Thanks to this week’s author Asher Noor for the concluding piece in the May series on Family Business: Electrifying!
Congratulations to all the May authors and those interviewed in this series. The next series of articles related to the October global conference will appear in September. Meanwhile, stand by for the blogs, articles, précis and interviews that will continue to appear in the summer issues of The Practitioner.
Yours in Practice,
Usually the most prized thing that we as established practitioners lose is our creativity.
Once a niche is carved and sustained over decades of hard work, inevitably, at some point in time, complacency sets in. We start to believe that we have seen it all — to believe we have a solution or a customized template for every situation…to think we own a cookie cutter for every issue that could possibly trouble our clients.
These beliefs are then falsely validated, when practitioners get complimented for quick turnaround time, an awe-inspiring track record, attractive fees and battle-tested solutions. The reality, however, is grim. To the discerning, these offerings lack creativity, having lost their spark over the years. These pre-ordained solutions may no longer be the best options. The ingredients of creativity and innovation, the bedrock of a rock-solid deliverable, are crucially missing. Lack of creativity renders the recipe incomplete and the clients possibly shortchanged.
Creativity requires being original, entertaining and useful. However, for some practitioners creativity is akin to the taboo of dabbling in “creative accounting.” Complacency may harbor the misconception that everything worth inventing has been invented, and thus there is no scope for innovation. It therefore crucially stands to reason that the definition of innovation be iterative. Innovation is finding new applications for old concepts.
The reactive argument is that standard problems have standard solutions which require little to no creativity or innovation. For example, who can fault anyone doling out prescriptions like family councils, family constitutions, succession planning measures etc., for family business owners? The innovation may come on the legal structuring side but, per some, largely there are standardized options available. It’s easy for some practitioners to blame the herd mindset of their clients and the rigid regulatory frameworks as reasons for not infusing creativity and innovation in their offerings. Such practitioners could be seen in the quest for new clients, rather than new solutions.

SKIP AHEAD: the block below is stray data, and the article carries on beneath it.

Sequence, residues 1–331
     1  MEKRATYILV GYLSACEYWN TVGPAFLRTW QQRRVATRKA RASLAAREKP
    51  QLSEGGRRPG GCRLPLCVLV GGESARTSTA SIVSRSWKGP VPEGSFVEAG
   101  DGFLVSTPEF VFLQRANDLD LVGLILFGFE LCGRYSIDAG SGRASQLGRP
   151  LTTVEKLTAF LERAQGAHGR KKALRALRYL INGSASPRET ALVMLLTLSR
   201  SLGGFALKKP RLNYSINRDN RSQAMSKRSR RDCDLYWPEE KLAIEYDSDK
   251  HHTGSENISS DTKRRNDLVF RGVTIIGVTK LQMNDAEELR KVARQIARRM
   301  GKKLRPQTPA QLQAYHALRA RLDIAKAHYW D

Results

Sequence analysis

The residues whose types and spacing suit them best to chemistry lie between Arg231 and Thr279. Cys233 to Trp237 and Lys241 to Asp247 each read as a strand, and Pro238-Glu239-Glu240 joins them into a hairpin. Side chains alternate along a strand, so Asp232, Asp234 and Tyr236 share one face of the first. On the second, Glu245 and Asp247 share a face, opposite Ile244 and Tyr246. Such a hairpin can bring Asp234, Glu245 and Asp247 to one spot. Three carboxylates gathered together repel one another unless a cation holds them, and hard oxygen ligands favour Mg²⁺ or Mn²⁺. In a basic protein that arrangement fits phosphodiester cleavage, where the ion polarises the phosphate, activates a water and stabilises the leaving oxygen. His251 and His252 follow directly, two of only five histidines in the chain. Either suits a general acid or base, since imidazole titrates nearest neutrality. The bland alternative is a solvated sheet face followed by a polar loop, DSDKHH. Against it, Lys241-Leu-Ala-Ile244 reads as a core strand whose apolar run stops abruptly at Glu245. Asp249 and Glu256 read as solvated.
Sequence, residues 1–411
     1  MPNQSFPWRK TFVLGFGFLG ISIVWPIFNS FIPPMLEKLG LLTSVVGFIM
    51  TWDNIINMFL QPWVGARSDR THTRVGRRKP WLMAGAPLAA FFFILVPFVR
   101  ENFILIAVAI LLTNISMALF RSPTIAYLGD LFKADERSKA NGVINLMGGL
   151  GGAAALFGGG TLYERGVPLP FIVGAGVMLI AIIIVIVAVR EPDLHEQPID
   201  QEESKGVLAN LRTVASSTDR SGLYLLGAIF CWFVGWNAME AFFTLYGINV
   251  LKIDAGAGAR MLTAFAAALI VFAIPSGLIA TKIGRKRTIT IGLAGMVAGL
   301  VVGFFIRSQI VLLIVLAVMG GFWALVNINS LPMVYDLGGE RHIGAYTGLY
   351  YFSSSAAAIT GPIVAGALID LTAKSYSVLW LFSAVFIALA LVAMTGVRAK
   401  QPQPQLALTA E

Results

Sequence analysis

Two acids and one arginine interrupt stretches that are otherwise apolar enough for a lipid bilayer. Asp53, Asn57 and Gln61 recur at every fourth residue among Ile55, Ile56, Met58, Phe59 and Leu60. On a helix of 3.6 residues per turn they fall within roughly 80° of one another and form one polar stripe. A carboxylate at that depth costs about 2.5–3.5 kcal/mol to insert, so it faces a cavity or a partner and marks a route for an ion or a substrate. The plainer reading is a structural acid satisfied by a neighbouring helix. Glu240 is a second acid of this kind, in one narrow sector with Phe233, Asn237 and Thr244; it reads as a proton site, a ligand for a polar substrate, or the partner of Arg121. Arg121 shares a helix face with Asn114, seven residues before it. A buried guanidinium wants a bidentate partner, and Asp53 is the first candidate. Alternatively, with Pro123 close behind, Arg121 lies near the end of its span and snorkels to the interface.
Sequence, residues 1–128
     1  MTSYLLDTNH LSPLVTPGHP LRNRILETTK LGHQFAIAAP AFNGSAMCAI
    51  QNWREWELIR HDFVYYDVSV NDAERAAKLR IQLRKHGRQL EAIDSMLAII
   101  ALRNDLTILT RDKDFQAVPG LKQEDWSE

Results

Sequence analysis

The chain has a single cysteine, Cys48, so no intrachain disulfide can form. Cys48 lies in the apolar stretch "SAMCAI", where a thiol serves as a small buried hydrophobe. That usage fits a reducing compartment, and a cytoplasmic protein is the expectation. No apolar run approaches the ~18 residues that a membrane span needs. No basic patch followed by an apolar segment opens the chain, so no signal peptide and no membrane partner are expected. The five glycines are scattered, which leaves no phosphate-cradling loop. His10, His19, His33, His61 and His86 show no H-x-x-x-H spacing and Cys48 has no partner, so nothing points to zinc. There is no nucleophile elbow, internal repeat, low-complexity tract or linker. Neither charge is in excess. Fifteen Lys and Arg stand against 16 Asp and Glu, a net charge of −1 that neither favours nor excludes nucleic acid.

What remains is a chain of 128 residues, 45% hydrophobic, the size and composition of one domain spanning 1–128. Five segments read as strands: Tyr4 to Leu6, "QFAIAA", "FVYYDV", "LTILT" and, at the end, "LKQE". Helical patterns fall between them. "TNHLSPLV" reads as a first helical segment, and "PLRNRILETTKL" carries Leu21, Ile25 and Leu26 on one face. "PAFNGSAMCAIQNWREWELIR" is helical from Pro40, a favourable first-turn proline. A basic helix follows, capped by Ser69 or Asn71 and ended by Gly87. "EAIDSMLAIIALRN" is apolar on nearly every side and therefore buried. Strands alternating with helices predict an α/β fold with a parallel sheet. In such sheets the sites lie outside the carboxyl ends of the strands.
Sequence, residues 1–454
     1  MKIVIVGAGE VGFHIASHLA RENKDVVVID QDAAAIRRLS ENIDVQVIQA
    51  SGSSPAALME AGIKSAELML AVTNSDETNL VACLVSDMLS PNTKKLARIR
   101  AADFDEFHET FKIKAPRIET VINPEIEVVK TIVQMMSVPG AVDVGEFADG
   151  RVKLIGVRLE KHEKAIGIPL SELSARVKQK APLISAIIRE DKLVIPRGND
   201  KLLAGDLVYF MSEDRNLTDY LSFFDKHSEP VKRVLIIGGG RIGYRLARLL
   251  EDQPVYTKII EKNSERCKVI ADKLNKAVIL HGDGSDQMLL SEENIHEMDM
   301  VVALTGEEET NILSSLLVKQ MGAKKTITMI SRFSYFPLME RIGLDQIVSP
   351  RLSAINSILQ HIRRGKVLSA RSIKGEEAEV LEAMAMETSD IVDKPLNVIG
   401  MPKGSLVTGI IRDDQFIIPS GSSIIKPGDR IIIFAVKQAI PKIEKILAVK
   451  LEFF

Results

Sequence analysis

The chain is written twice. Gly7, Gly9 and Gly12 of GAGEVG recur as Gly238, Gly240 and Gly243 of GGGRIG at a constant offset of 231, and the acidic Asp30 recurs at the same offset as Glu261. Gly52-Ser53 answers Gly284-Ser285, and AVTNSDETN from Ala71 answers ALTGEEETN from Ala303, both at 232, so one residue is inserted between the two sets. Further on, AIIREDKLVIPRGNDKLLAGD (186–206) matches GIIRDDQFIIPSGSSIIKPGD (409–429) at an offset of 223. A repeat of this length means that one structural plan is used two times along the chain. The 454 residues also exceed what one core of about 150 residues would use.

My premise here is that, advising and consulting in the family enterprise field is not just about prescriptions for clients. It is also about execution. Even for century-old problems we need solutions in consonance with the pulse of the latest times. That is where practitioners should be able to find or create ways to spark creativity and innovation. To be able to do so, practitioners need to be in sync with the present norms with an eye on the future fads — even if they have been in the business before the millennials were conceived or their playbook covers the A to Z of every issue in their realm.
A quick case in point being that in the past, face-to-face meetings were considered the eventual ice breaker. In today’s times when key stakeholders are constantly in planes going places, getting everyone under the same roof at the same time may not be a viable option. So how can you be a creative moderator? Solutions could range from virtual chat rooms, virtual whiteboards, video conferencing or collaboration document options. They all lean heavily on technology, but why should we consider technology a bad thing, given that what’s around the bend are options like teleportation, clones, holograms, etc!
The endgame towards increased creativity and innovation is not to become a prolific inventor or a mad genius to every problem or curve ball that comes our way. It is not about solving rocket science algorithms. It is simply about recharging our brains to seek new solutions for old problems.